The Coupe, then, is a two-door design, stretching 4697mm x 1846mm x 1371mm, with 450 litres of luggage space at the rear. It's long, the Coupe, but most of that space is absorbed by the front half of the cabin, wth the backseat reserved for kids. 

Finally, the Cabriolet (which we're yet to test) stretches 4697mm x 1846mm x 1384mm, and will deliver the lowest luggage capacity of the lot, at 375 litres.

Elsewhere, though, the A5 range delivers two cupholders up front, with another two in the centre armrest that can deploy to divide the rear seat. Rear-seat riders also get air vents with their own temp controls, USB charge points (joining the two up front) and bottle holders in the doors. 

For parents, you'll find a pair of ISOFIX attachment points in the backseat, too. 

Price and features

BMW 3 Series

It’s clear that electrification will become the norm in the not-too-distant future, from hybrids combining internal combustion engines (ICE) with electric motors and batteries, to the full battery electric vehicle (EV) and eventually hydrogen EV experience.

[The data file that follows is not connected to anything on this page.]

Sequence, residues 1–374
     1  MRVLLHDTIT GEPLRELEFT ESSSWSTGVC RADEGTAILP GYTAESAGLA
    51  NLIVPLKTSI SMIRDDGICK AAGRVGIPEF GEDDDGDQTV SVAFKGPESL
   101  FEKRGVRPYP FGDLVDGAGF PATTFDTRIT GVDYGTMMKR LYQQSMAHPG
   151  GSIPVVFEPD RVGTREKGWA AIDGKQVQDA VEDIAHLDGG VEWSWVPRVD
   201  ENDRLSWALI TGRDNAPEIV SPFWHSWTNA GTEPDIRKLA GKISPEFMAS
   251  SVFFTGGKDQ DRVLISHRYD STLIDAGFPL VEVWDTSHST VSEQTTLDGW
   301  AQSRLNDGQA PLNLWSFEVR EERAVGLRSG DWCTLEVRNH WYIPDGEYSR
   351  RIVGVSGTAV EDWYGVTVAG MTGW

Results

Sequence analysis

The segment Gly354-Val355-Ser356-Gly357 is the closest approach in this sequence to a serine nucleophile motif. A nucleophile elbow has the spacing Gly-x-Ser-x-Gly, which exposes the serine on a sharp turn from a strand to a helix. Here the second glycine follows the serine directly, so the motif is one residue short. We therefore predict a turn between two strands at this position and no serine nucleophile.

Somewhere along that spectrum, and nestled between the 320i (from $68,900) and 330i (from $74,900), is the 330e.

Arriving from Germany in either racy M Sport or dreary Luxury grades from $81,900 (before on-road costs), it features an electric motor and battery pack for up to 60km of pure EV propulsion, before a four-cylinder turbo-petrol engine kicks in for in excess of 1800km between refills, officially. Range anxiety be damned.

Mind you, the similarly-engined 320i but minus the electrification is almost 300kg lighter. Blame all that extra electrification swag like an 83kW synchronous motor, 10.3kWh lithium ion battery and a five-metre 1.8kW charging cable.

Being a PHEV means it needs up to six hours to recharge from a regular 10-amp household plug, down to a minimum of around 3.5 hours from a larger power source.

In contrast, a non-plug-in, series-parallel hybrid like the Lexus IS 300h barely manages 2.0km of sub-40km/h-only EV range, before its ICE takes over to replenish a much-smaller battery pack, and relegate the electric motor to mere performance and/or economy boosters only. That’s why the Lexus is some $20,000 cheaper.